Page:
Institutions of higher learning need to understand the full impact of the conditions of poverty under which students live, think and learn while studying for a degree or diploma — and how these conditions affect their academic success.
Entry into tertiary education for students from poor backgrounds is an opportunity to change their economic status at a personal and family level. But this becomes difficult to achieve when their economic conditions impact on their ability to achieve academic success. Without adequate financial resources available in institutions of higher learning, students' experiences of poverty may be only marginally alleviated, which merely extends and in effect reproduces systemic conditions of poverty.
This article is partly informed by research based on semi-structured interviews with students concerning their experiences on achieving academic success.
Empirical research Mmaselloe Sekhukhune conducted in 2008 for his master's thesis indicated that many poor students from low-income households do not have enough funds to afford food, and this has a negative impact on their academic performance.
Five of the 10 students who participated in his study had to terminate their studies because the National Student Financial Aid Scheme (NSFAS) did not pay all their outstanding fees. They could not find ways to pay outstanding fees and were therefore not in a position to receive their results. They had to have these results to register for the next academic year.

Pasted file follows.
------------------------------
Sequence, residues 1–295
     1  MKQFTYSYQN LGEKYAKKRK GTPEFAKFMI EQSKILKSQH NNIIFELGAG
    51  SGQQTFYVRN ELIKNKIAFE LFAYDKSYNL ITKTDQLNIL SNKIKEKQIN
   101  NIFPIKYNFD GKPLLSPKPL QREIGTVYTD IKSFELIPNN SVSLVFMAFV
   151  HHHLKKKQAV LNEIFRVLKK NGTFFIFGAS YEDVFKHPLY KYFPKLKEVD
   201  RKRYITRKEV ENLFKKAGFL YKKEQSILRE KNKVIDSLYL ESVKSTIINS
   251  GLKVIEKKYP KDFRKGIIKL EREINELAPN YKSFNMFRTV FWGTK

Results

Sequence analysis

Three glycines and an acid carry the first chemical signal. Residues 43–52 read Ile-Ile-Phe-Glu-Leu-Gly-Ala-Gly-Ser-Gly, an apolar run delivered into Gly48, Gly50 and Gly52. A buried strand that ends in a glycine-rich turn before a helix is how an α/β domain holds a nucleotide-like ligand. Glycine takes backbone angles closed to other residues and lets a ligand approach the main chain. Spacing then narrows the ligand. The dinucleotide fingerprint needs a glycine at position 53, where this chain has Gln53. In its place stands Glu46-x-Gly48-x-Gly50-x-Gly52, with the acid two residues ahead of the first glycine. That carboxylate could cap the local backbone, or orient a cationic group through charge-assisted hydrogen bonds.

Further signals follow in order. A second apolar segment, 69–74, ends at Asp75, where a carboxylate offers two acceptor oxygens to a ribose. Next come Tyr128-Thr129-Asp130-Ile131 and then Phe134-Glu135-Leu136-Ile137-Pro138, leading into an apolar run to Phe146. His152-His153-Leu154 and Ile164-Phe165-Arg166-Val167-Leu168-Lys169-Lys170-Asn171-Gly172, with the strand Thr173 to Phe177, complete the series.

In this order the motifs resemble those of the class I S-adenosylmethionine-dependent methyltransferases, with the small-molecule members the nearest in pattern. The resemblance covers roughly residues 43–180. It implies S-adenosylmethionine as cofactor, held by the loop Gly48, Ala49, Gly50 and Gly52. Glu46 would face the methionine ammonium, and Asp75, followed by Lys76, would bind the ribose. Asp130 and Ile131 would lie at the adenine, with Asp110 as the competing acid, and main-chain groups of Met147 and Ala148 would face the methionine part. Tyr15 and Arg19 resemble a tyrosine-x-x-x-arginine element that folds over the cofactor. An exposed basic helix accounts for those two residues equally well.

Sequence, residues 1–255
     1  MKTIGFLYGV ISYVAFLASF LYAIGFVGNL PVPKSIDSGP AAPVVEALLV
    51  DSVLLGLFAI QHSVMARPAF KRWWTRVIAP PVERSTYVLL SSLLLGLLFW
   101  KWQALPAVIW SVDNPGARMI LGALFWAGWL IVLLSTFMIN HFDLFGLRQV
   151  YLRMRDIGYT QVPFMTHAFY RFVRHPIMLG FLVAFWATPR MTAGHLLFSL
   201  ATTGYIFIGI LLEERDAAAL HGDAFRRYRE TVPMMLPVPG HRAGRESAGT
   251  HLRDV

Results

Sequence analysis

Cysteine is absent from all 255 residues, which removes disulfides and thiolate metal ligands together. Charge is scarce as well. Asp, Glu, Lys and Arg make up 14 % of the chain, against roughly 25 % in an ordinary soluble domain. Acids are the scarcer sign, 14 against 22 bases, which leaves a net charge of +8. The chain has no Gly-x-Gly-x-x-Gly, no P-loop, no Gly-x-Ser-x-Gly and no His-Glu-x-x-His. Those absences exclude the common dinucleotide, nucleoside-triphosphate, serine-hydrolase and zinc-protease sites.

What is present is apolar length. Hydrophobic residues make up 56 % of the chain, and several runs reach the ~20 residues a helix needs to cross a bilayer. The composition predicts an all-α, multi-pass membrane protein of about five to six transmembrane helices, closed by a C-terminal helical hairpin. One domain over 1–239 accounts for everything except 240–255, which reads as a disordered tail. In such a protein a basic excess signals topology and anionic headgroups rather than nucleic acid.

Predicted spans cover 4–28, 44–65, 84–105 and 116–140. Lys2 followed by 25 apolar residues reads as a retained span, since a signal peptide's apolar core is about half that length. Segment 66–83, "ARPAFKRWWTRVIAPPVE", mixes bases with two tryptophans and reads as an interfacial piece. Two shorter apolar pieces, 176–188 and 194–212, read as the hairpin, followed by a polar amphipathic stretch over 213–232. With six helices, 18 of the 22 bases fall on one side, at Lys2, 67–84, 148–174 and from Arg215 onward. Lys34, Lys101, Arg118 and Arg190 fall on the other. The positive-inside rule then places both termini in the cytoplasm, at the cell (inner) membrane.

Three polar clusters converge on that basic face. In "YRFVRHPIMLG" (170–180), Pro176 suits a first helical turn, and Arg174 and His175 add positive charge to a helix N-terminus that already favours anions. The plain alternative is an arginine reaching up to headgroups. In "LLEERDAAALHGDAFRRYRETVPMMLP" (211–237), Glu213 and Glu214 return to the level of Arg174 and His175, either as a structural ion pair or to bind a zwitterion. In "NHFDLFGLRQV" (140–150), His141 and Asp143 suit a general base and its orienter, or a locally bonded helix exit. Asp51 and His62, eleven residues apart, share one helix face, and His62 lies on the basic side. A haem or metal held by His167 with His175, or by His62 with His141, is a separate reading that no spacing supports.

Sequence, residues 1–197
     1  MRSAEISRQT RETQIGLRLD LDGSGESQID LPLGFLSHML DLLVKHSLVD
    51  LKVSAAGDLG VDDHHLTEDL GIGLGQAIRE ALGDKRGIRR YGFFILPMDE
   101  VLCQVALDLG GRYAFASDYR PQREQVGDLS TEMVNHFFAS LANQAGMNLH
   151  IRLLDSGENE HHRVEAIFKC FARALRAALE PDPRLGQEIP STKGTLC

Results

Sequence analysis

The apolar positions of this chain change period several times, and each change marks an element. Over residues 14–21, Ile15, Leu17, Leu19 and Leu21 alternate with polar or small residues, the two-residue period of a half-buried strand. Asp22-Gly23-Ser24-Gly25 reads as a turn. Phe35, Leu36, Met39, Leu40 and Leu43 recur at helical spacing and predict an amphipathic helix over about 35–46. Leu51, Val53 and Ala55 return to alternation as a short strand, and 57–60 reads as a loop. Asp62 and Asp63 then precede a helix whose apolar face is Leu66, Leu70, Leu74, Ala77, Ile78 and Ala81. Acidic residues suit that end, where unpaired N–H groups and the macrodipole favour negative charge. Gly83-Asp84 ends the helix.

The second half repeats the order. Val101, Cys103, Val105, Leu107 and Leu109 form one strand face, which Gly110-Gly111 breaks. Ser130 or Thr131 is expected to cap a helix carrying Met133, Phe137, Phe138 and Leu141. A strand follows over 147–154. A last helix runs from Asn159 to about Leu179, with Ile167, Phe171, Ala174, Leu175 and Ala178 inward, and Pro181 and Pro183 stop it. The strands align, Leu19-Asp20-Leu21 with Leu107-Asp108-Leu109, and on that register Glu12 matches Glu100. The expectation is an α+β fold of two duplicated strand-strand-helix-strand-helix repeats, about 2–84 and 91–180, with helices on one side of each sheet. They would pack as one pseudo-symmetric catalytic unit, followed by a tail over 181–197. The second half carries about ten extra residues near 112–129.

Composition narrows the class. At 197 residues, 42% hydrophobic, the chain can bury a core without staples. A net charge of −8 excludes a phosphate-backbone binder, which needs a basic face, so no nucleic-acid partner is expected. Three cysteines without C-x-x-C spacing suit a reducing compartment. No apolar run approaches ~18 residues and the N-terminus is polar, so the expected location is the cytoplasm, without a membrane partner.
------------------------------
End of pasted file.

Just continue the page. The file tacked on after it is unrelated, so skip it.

Research also published in 2008 by Barbara Jones, Gonda Coetzee, Tracy Bailey and Sharman Wickham supported these findings. They wrote that inadequate financial resources constitute one of the most important reasons cited for students dropping out of university.
Stable but still dropping out
Though this is supported very strongly by international research literature, it does not explain why so many students who are financially stable also drop out of university. Here Vincent Tinto's 2003 findings are important: in the context of higher education, the notion of poverty must be expanded because it encompasses the entire nature of the teaching and learning environment.
The dimensions of poverty here may be thought of as an individuals' financial resources, the family's financial resources or the number of dependents, material resources such as the kind of accommodation students occupy, the physical conditions under which students learn on campus, students' access to health care, students' wellbeing, the sociocultural resources that are related to students' academic background and the sustainability of these resources.
Under a combination of these factors, individuals' energies and efforts for sustaining themselves will not be effective for their survival, which can cause a great deal of psychological distress.
Consequently, it is clearly important for universities to understand what the needs of financially under-resourced students are so as to best support their academic needs. But South African higher education institutions face their own challenges.